Which of us, in brief word, is to do the hard and dirty work for the rest, and for what pay? Who is to do the pleasant and clean work, and for what pay? Who is do no work, and for what pay? And there are curious moral and religious questions connected with these. How far is it lawful to suck a portion of the soul out of a great many persons, in order to put the abstracted psychical quantities together and make one very beautiful or ideal soul? If we had to deal with mere blood instead of spirit, (and the thing might literally be done--as it has been done with infants before now)--so that it were possible, by taking a certain quantity of blood from the arms of a given number of the mob, and putting it all into one person, to make a more azure-blooded gentleman of him, the thing would of course be managed; but secretly, I should conceive. But now, because it is brain and soul that we abstract, not visible blood, it can be done quite openly, and we live, we gentlemen, on delicatest prey, after the manner of weasels; that is to say, we keep a certain number of clowns digging and ditching, and generally stupefied, in order that we, being fed gratis, may have all the thinking and feeling to ourselves.
‘Could a rule be given from without, poetry would cease to be poetry, and sink into a mechanical art. It would be μóρφωσις, not ποίησις. The rules of the IMAGINATION are themselves the very powers of growth and production. The words to which they are reducible, present only the outlines and external appearance of the fruit. A deceptive counterfeit of the superficial form and colours may be elaborated; but the marble peach feels cold and heavy, and children only put it to their mouths.’ [Coleridge, Biographia ch. 18]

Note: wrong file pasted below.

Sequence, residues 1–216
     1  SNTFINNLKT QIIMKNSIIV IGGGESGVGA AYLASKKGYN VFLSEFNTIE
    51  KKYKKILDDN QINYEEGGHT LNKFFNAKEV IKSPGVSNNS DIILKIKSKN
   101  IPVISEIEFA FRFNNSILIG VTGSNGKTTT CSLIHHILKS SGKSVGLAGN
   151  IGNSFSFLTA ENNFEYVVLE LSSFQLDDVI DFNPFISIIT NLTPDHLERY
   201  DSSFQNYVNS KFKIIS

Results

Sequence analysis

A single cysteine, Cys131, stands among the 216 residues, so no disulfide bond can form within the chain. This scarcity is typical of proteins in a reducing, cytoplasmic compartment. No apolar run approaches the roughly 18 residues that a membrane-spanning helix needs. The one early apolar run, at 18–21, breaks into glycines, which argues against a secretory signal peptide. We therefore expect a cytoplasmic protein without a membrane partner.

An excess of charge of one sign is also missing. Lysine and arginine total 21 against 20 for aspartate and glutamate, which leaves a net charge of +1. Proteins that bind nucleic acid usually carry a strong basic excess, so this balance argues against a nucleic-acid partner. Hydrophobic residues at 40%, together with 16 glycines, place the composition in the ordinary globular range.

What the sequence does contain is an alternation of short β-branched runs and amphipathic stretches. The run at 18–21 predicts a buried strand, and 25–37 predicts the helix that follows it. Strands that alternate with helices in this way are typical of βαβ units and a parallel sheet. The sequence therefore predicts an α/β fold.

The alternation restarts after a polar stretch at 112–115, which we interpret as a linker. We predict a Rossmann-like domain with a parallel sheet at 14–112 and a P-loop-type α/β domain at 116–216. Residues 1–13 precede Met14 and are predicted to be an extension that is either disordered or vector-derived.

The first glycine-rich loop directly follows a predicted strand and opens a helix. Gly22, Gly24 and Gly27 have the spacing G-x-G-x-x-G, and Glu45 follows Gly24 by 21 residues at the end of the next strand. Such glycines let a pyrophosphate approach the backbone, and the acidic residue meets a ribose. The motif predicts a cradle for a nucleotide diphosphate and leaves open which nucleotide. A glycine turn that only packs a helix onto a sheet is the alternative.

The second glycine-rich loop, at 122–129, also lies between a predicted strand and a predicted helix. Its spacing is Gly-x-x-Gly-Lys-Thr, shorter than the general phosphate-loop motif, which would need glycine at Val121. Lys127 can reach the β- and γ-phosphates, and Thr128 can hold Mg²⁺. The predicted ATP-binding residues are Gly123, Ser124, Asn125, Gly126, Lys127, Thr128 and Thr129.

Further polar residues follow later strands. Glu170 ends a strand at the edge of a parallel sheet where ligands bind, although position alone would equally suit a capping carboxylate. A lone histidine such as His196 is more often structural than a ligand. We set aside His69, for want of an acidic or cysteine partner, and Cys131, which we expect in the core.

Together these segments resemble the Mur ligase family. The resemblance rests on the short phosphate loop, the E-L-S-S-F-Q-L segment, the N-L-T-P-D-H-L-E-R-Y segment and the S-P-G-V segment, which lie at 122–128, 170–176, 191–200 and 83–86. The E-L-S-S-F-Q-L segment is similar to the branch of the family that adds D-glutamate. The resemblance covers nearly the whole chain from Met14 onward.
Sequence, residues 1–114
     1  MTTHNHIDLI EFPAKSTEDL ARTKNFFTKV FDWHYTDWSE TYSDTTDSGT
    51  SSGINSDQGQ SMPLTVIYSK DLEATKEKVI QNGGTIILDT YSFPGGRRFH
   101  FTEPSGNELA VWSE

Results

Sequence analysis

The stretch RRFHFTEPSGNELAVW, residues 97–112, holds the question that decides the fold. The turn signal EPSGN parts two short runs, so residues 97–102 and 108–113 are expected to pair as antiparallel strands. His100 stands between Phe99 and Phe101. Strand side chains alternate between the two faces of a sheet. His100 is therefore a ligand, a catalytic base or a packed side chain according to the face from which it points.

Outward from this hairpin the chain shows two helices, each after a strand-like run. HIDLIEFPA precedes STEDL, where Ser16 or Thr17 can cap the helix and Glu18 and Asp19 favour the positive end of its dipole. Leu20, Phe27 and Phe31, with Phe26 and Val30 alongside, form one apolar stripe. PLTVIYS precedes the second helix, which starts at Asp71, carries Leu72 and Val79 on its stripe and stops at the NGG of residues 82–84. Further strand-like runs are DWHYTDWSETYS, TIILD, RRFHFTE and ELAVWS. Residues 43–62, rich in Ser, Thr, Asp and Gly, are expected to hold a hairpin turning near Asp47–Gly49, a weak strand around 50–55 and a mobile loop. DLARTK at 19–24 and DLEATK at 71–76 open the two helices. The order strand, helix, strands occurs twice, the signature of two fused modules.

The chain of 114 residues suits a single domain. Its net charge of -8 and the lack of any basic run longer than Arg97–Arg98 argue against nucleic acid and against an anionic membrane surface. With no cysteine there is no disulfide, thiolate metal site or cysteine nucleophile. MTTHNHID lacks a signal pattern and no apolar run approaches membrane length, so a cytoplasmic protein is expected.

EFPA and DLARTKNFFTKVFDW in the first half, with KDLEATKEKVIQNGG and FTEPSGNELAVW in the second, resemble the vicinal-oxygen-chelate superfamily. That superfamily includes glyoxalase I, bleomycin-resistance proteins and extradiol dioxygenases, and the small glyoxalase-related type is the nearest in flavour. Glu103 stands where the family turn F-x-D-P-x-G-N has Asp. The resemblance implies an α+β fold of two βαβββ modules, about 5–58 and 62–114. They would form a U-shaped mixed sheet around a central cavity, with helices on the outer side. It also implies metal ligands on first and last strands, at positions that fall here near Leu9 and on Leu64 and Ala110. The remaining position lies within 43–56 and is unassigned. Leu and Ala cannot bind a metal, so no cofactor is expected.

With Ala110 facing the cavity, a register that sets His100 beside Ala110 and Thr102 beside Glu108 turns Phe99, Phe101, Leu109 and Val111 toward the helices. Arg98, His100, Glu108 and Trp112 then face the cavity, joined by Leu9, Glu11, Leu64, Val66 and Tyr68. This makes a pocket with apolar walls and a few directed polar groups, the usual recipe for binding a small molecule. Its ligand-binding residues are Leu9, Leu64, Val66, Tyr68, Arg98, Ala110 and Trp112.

‘ποίησις’ (poiēsis) means ‘a making, a creation, a production’ and is used of poetry in Aristotle and Plato. ‘μóρφωσις’ (morphōsis) in essence means the same thing: ‘a shaping, a bringing into shape.’ But Coleridge has in mind the New Testament use of the word as ‘semblance’ or ‘outward appearance’, which the KJV translates as ‘form’: ‘An instructor of the foolish, a teacher of babes, which hast the form [μóρφωσις] of knowledge and of the truth in the law’ [Romans 2:20]; ‘Having a form [μóρφωσις] of godliness, but denying the power thereof: from such turn away’ [2 Timothy 3:5]. I trust that's clear.
There is much more on Coleridge at my other, Coleridgean blog.
Saturday, 27 December 2014
I wonder exactly when the shift in the public perception of Ruskin occurred, from seeing him as a great sage and inspiration (as Gandhi, for example, saw him) to seeing him as a Victorian weirdo unable to contemplate his wife's pubic hair without freaking out—to, in short, seeing him as risible and dismissable? Of course, whilst our attention is wholly on our own sense of superiority to Ruskin's oddball sexual hang-ups, we are able to ignore the fact that he posed some of the most profound and relevant questions (today, if anything, more relevant than they have ever been) worth asking about the logic of Capitalism. This fact may not be a co-incidence. Sesame and Lilies 3, for instance:
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He also had some very unorthodox ideas about teaching draftsmanship … instead of focusing on line and contour as is customary, he preferred drawing in blocks of volume and shading. Is this related to his pubophobia? Gynopogonophobia?ReplyDelete
99% of modern political commentary is covered by your Ruskin quote … hurrah for concision!
It's a hairy line of thought, my friend!ReplyDelete